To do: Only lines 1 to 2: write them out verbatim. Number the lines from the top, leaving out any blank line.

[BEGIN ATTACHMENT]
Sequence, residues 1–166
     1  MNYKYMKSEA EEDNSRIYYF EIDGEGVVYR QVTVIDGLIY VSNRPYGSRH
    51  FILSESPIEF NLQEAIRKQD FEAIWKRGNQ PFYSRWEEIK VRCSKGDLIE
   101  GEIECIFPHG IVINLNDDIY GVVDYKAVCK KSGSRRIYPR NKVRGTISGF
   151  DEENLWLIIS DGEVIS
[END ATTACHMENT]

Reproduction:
Sequence, residues 1–166
     1  MNYKYMKSEA EEDNSRIYYF EIDGEGVVYR QVTVIDGLIY VSNRPYGSRH